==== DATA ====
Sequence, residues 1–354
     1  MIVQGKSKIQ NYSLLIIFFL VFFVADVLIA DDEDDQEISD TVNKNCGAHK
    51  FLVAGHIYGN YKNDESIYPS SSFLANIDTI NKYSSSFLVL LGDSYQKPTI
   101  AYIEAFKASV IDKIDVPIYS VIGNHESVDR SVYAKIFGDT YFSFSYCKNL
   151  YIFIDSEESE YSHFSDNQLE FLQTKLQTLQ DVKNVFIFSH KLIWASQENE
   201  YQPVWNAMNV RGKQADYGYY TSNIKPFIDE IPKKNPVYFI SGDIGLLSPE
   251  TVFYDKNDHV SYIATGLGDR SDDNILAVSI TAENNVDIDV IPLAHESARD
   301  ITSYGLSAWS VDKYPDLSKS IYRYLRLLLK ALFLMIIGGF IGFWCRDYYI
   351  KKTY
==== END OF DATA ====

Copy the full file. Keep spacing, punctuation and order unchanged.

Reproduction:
Sequence, residues 1–354
     1  MIVQGKSKIQ NYSLLIIFFL VFFVADVLIA DDEDDQEISD TVNKNCGAHK
    51  FLVAGHIYGN YKNDESIYPS SSFLANIDTI NKYSSSFLVL LGDSYQKPTI
   101  AYIEAFKASV IDKIDVPIYS VIGNHESVDR SVYAKIFGDT YFSFSYCKNL
   151  YIFIDSEESE YSHFSDNQLE FLQTKLQTLQ DVKNVFIFSH KLIWASQENE
   201  YQPVWNAMNV RGKQADYGYY TSNIKPFIDE IPKKNPVYFI SGDIGLLSPE
   251  TVFYDKNDHV SYIATGLGDR SDDNILAVSI TAENNVDIDV IPLAHESARD
   301  ITSYGLSAWS VDKYPDLSKS IYRYLRLLLK ALFLMIIGGF IGFWCRDYYI
   351  KKTY